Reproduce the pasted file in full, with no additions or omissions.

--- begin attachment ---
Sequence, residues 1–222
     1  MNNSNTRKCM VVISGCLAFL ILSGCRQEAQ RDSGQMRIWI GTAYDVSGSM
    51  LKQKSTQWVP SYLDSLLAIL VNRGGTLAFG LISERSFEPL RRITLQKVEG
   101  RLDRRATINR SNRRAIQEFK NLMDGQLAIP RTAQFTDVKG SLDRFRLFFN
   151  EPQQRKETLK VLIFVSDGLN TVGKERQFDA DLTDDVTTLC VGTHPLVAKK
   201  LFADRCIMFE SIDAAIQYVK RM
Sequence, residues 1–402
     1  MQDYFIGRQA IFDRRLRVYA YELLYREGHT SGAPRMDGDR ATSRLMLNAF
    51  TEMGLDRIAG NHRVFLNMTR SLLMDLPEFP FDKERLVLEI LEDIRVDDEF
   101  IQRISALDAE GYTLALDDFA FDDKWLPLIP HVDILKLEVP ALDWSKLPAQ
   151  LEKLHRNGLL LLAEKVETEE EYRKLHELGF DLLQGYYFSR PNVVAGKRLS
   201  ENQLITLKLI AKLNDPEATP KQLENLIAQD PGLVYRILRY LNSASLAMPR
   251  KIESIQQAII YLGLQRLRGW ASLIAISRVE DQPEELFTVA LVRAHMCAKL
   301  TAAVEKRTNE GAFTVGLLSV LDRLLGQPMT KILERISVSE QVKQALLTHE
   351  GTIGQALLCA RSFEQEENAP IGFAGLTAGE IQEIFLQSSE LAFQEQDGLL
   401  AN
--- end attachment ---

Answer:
Sequence, residues 1–222
     1  MNNSNTRKCM VVISGCLAFL ILSGCRQEAQ RDSGQMRIWI GTAYDVSGSM
    51  LKQKSTQWVP SYLDSLLAIL VNRGGTLAFG LISERSFEPL RRITLQKVEG
   101  RLDRRATINR SNRRAIQEFK NLMDGQLAIP RTAQFTDVKG SLDRFRLFFN
   151  EPQQRKETLK VLIFVSDGLN TVGKERQFDA DLTDDVTTLC VGTHPLVAKK
   201  LFADRCIMFE SIDAAIQYVK RM
Sequence, residues 1–402
     1  MQDYFIGRQA IFDRRLRVYA YELLYREGHT SGAPRMDGDR ATSRLMLNAF
    51  TEMGLDRIAG NHRVFLNMTR SLLMDLPEFP FDKERLVLEI LEDIRVDDEF
   101  IQRISALDAE GYTLALDDFA FDDKWLPLIP HVDILKLEVP ALDWSKLPAQ
   151  LEKLHRNGLL LLAEKVETEE EYRKLHELGF DLLQGYYFSR PNVVAGKRLS
   201  ENQLITLKLI AKLNDPEATP KQLENLIAQD PGLVYRILRY LNSASLAMPR
   251  KIESIQQAII YLGLQRLRGW ASLIAISRVE DQPEELFTVA LVRAHMCAKL
   301  TAAVEKRTNE GAFTVGLLSV LDRLLGQPMT KILERISVSE QVKQALLTHE
   351  GTIGQALLCA RSFEQEENAP IGFAGLTAGE IQEIFLQSSE LAFQEQDGLL
   401  AN